No Sniffing at Liberal Diversity


Convivium, 4 April 2019

Father Raymond de Souza’s diverse Small Talk roundup of news, views and vice-presidential smell tests.

Last week, I noted that Prime Minister Justin Trudeau prattles on endlessly about how the Liberal Party embraces the splendid diversity of different views and exults in accommodating a breadth of opinions. This week, he threw Jody Wilson-Raybould out of caucus for recording a private conversation with the Clerk of the Privy Council. He also threw out Jane Philpott, who did not record a private conversation with the Clerk of the Privy Council. Diversity in action: Both doing and not doing get the same treatment.

The next day, a group of young women – “Daughters of the Vote” – assembled in the House of Commons chamber for a day of inspirational nattering from eminent worthies. When Trudeau spoke, about 50 or so turned their backs on him to protest his feminist preening after throwing two senior cabinet ministers to the curb. But the prime minister is never daunted. He emerged from that humiliation extolling the sheer magnificence of divergent opinions on display, which he expanded to include “choosing to hear” and “choosing not to hear.” He was being super-duper respectful of those Daughters who opted for a public display of disrespect to the prime minister. But it makes sense. If “choosing not to hear” is as fabulous a manifestation of diversity as “choosing to hear,” then it explains why the Liberal Party is diverse even when it chooses not to be.


During the Mike Duffy affair, it was noted by many that Canadians have exemplary scandals. At the heart of the Duffy matter was that the chief of staff to the prime minister, Nigel Wright, thought that Duffy had claimed expenses that he was legally, but not morally, entitled to. Wright told Duffy to pay the expenses back, Duffy balked because he had not broken the rules – a position later vindicated in court – and so Wright gave Duffy the funds personally to pay the government back. It was an improper arrangement, but at bottom it was an effort to return money to the exchequer.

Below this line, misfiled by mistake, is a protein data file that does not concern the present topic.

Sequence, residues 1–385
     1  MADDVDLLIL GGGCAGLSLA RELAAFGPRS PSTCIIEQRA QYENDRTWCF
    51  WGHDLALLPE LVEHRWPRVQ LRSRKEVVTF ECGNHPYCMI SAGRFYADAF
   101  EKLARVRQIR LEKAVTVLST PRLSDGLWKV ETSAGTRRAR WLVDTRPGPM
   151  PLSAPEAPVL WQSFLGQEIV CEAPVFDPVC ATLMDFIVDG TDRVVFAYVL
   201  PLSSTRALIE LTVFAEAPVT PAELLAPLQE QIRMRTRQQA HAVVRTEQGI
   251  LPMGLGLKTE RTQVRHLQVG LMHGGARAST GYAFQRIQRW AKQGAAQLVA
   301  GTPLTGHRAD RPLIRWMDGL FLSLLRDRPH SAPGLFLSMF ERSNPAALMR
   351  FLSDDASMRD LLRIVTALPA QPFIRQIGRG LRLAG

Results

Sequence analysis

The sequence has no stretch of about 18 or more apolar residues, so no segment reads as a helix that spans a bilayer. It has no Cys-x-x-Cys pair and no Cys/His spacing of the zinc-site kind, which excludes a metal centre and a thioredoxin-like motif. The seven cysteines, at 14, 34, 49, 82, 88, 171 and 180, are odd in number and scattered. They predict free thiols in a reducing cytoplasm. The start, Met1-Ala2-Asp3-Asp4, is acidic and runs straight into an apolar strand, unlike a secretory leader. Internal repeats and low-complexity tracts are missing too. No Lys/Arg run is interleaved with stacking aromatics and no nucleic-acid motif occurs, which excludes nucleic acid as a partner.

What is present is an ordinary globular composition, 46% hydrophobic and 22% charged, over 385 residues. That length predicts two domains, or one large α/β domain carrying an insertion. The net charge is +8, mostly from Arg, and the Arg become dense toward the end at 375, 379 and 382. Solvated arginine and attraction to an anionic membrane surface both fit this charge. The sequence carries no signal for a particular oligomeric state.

Now Jody Wilson-Raybould had been booted from caucus for the “unconscionable” secret recording of her conversation with the clerk. There is plenty of fair criticism of that recording, but at bottom it was done to bolster the case of prosecutorial immunity from political pressure. In most scandals, secret recordings reveal that someone is lying. Wilson-Raybould’s sin was to provide evidence that she was telling the truth.


Jane Philpott is better off without those lousy Liberals. So says Don Martin, CTV newsman and author. Like Doris Kearns Goodwin writing on Abraham Lincoln, Martin wrote a biography of Belinda Stronach. A few weeks before Philpott was bounced, Martin wrote this: “As for Jane Philpott, her fate is still to be determined. She has spoken her truth to the highest power – the general public.

For that, she’ll become a pariah whose principled position will stand in unfavorable contrast to fellow MPs obediently carrying the increasingly tattered Liberal flag into an election they might not win because of her. Perhaps Jane Philpott should simply quit the Liberal caucus. They’re not worthy of her.”

My goodness, that’s higher praise than Martin even gave Stronach.


Jane Philpott has other admirers. Indeed, columnist Heather Mallick at the Toronto Star puts Philpott on her “list of most admired humans.” More than that really. She is a bit like Jesus. Mallick confesses that “it was a bit of a shock when Jane Philpott suddenly quit her cabinet job, partly because the collection of notecards taped to the bookcase beside my bed includes this one: ‘What would Jane Philpott do?’ Every morning I say to myself, ‘I bet Jane Philpott would get out of bed’ and to my mind, the two of us were up and off to the races.”



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